It's the same principle that makes the SL campus attractive to prospective students, Stevens said. While a student from across the country can learn about JMU's programs from traditional Web sites and brochures, touring some of the most recognizable buildings at JMU via SL is the next best thing to coming here in person.
Stevens said she's been introduced to several members of the Harrisonburg-Rockingham community and is working to forge working relationships with them through SL as well as alumni seeking to reconnect with campus from a distance.
Even people who may never have heard of JMU are learning about campus. Stevens said the virtual campus attracts between 100 to 150 visitors a week who have no affiliation to the university, including several from the international community.
It's also a valuable tool for professional networking. One alumna visitor was so impressed with the look of the campus that she contacted Stevens to discuss hiring a JMU student to design a SL presence for her company.
A world full of animated avatars who can change appearance, fly and teleport to anywhere on the globe may seem to some to have no place in the higher education world. But it's serious business in academia, said Suzie Baker, a JMU professor of psychology and a member of team responsible for JMU's SL campus.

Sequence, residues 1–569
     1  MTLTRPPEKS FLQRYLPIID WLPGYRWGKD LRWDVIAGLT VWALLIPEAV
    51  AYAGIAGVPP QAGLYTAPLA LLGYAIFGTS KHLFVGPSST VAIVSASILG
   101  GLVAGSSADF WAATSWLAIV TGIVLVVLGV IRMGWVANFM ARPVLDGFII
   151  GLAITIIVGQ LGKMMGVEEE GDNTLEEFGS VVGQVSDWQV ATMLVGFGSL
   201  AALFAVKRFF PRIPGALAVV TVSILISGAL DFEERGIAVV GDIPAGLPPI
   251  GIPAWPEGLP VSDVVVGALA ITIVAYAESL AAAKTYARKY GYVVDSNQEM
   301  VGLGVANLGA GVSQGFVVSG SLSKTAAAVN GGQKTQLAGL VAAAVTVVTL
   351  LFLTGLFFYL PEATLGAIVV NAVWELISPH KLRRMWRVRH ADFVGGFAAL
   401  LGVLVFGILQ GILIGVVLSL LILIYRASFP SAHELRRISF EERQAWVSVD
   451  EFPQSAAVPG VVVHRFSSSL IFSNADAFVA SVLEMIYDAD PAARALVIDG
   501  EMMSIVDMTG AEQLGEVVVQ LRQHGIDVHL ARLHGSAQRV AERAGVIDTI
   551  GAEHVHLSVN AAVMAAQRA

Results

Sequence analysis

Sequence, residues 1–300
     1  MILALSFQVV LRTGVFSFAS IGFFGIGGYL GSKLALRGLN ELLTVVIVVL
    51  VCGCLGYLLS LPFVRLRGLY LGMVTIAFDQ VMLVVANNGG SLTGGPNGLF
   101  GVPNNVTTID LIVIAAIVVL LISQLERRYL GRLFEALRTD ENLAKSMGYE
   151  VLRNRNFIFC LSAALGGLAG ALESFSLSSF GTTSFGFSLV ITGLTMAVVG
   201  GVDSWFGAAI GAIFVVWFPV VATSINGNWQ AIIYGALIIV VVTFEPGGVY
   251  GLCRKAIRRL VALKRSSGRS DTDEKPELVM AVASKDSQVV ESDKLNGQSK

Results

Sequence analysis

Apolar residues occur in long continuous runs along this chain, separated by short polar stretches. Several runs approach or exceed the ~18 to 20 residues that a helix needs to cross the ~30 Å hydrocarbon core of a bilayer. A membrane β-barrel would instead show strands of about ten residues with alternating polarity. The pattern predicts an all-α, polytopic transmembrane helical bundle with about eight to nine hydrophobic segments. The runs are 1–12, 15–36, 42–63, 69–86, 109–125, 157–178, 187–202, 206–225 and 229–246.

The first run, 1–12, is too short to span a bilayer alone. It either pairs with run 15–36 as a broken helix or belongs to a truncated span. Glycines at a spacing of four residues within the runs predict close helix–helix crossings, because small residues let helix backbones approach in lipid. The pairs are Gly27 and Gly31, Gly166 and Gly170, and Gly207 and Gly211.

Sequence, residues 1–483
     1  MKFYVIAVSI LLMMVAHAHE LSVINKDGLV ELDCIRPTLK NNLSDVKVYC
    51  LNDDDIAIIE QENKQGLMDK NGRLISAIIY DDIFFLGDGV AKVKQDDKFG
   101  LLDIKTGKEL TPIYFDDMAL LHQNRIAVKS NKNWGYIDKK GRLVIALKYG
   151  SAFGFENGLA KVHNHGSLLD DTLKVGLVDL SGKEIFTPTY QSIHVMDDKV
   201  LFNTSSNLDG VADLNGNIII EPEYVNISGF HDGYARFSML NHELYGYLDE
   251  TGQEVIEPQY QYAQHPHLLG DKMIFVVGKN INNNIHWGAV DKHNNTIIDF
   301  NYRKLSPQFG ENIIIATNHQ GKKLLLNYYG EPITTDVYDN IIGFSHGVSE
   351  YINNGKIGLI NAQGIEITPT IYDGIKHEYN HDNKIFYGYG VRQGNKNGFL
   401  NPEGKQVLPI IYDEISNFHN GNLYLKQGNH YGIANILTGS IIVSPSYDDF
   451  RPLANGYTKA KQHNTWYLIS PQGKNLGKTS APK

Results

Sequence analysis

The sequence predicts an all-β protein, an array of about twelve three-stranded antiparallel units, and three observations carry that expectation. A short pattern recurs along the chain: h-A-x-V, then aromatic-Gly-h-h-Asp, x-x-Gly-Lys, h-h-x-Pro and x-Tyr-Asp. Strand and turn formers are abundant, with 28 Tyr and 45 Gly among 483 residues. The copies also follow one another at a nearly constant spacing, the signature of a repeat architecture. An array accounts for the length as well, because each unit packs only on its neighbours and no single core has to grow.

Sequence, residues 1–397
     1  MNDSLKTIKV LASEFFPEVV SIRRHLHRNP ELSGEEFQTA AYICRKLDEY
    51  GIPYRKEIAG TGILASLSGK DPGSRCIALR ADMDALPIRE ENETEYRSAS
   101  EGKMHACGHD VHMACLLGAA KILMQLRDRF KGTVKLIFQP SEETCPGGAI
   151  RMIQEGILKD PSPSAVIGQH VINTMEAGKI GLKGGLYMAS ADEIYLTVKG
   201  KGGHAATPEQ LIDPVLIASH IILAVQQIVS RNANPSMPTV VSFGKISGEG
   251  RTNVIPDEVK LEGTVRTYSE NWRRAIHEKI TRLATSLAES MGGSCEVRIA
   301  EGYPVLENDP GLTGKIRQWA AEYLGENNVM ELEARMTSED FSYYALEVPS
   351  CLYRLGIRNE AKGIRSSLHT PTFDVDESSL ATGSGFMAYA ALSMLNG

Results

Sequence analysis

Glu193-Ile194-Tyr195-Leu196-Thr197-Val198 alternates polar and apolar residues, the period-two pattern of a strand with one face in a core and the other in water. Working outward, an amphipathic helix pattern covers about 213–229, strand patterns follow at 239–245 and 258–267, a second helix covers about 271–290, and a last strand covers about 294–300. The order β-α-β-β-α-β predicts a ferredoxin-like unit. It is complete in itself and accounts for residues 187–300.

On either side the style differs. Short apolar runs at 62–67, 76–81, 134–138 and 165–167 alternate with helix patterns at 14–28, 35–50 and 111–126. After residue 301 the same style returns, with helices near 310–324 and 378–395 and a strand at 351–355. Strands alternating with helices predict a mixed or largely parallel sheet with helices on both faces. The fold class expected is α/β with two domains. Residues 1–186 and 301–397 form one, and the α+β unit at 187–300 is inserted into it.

Baker presented on Second Life at the American Psychological Association and the Southeastern Teaching of Psychology Conference last year.
From the art and computer science applications of building a virtual world to the psychological, social and philosophical implications of creating an identity in a true second life to immersive study in foreign languages, using SL has merit for disciplines across the academic spectrum, Baker said.
"What interests me is that we still don't know everything it can work for. We're still feeling our way through, as with any new technology," Baker said. "Second Life is not very old. The number of people who are exploring how it can best be used is growing. When I first started using it, you really couldn't find any published literature about it, but now people have been able to start doing the research, collecting the data about what they're using it for and how it's working. And that's really the next step for educators."